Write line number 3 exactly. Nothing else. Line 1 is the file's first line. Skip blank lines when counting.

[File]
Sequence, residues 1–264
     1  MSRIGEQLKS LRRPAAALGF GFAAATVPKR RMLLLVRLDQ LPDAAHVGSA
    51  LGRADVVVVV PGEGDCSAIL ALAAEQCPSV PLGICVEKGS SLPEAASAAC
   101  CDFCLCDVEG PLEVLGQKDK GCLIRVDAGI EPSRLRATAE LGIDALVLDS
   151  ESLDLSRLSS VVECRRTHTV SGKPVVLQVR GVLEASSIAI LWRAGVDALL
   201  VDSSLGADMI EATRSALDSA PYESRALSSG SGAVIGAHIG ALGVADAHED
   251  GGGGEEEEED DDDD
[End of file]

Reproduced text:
    51  LGRADVVVVV PGEGDCSAIL ALAAEQCPSV PLGICVEKGS SLPEAASAAC